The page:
Love or loathe Abba – and the longer we live the fewer there are who need to be won over – it’s impossible not to like this great big, warm-hearted, funny, touching and occasionally silly movie. Like the clothes Abba once wore it’s OTT and, like the original film, it’s a feast of colour and attractive people, all of them cavorting about in sunny, picturesque locations where everyone has a habit of joyously bursting into song and waving their arms about as another Abba classic is performed by cast members, not always with the same skill as Agnetha and Frida but with enthusiasm and knowing smiles that more than make up for any shortcomings in their vocal attributes.
Mamma Mia! Here We Go Again is, like Godfather II, a shifting prequel and sequel to the 2008 film but unlike Godfather II no one avenges family honour by arranging a violent death. Tears and heartbreak, misfortune and indignity are smoothed away with an Abba song, 16 in total, a few of which are reprised from the earlier film – how could you not include 'Dancing Queen'? – though many are album tracks uncollected on either Gold or More Gold and therefore not quite so well known. Part of the fun, as before, is guessing when they’re about to arrive through slightly oblique turns in the story and appropriate bits of dialogue.
It has to be said that those unfamiliar with the plot of the original film – a girl’s quest to identify her father from among her mother’s three boyfriends – might take a while to cotton on to what’s happening here. Lily James plays young Donna, the role played by Meryl Streep in the original film, and her story not only takes up most of the screen time but also packs the emotional punch. We meet her at her graduation ceremony – cue for ‘When I Kissed The Teacher’ – after which for reasons unexplained she heads for Greece via Paris where she meets the first of her three lovers, to be followed in quick succession by two more on the island of Kalokairi.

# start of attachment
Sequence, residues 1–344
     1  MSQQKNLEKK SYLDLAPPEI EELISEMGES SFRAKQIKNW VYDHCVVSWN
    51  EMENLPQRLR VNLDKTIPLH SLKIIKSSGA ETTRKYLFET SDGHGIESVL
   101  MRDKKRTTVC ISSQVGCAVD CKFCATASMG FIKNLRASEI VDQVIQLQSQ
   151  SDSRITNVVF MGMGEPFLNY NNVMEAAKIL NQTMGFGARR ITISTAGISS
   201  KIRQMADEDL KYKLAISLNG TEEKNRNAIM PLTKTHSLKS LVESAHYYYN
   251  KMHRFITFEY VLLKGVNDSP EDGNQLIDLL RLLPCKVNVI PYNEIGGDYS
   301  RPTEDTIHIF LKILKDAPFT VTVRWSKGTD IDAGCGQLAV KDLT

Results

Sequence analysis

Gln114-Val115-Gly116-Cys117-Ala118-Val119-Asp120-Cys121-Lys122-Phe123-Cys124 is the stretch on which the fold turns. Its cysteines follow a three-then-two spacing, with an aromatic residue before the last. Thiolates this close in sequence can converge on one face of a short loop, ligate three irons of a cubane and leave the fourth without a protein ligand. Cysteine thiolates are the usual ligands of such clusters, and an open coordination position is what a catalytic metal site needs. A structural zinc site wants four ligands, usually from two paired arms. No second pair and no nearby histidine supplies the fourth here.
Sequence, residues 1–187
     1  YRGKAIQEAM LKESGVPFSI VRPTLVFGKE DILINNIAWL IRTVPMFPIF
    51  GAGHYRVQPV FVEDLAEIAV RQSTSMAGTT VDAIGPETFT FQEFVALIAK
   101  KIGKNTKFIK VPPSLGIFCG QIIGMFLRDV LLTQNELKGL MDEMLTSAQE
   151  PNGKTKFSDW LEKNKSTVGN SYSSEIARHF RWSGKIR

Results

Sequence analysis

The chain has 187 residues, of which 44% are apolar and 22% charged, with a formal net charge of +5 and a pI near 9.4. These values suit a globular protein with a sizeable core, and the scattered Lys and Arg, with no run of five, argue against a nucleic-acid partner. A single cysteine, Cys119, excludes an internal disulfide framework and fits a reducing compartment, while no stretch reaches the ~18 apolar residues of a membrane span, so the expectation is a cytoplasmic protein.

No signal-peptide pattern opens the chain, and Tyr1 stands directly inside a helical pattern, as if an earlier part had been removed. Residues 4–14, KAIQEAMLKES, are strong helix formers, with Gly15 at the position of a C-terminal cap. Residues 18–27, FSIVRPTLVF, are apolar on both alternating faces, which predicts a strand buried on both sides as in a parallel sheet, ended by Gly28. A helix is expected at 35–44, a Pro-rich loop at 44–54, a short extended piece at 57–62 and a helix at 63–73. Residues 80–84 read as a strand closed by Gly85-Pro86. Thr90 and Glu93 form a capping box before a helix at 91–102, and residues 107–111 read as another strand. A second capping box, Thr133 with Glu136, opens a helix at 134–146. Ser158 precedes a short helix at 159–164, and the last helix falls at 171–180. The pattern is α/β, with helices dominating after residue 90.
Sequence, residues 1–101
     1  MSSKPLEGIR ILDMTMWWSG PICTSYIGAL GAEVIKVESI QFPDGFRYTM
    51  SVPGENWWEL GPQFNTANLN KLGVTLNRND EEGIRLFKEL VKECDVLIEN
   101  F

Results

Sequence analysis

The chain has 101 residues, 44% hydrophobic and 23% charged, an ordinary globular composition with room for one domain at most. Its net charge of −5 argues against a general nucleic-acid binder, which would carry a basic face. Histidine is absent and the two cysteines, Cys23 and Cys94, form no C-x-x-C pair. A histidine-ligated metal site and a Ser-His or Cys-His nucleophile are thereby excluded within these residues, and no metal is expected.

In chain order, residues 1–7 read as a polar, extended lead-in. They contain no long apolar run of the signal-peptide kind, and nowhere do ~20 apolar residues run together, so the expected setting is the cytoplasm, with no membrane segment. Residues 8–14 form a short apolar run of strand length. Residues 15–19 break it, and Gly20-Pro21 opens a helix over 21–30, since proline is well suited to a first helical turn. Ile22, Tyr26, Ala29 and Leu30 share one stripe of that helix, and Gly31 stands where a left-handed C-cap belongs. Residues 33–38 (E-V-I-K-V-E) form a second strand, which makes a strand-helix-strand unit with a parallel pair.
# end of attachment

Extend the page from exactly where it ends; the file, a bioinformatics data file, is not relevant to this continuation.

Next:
The scenarios in which Donna falls into bed with these three personable young men – all of whom appear youthful in the past and mature in the present – are developed and explained at some length, and while it might not be unreasonable to assume that a girl who shags three blokes, one after the other within what is probably no more than a month at most, is asking for stern censure from moralists, Lilly plays Donna as so damned kind-hearted and lovely, with a smile that could rouse the dead, that we just accept it and forgive such unseemly indiscretions, completely reasonable behaviour in fact.
Intercut between the scenes of young Donna’s dalliances is the present day story of how Sophie, her daughter, now in her twenties, is refurbishing the holiday hotel on Kalokairi that she has inherited from her mother, presumed dead. She is joined there by her mother’s two best pals, played, as before, by Julie Walters and Christine Baranski, both of whom we meet as their younger selves in the Lily James scenes, and who between them contribute the lion’s share of the film’s laughs. A grand re-opening is planned and all looks to be going well until a fierce storm ravages the island, wrecking all the preparations, just as, coincidentally, a fierce storm on the island long ago complicated Donna’s plans. Still, help is on hand when two of her three fathers decide to fly there despite having previously declined to attend – the third already lives nearby – and along the way pick up a retinue of local guests who all arrive by boat and give us a rousing performance of ‘Dancing Queen’, Abba's masterpiece, which actually seemed to me less important than the pleasantly ambient Abba music heard in the background throughout the entire film. The surprise guest at the grand party is Sophie’s grandmother, played imperiously by Cher, who resembles an alabaster statue with her flawless skin and blonde wig.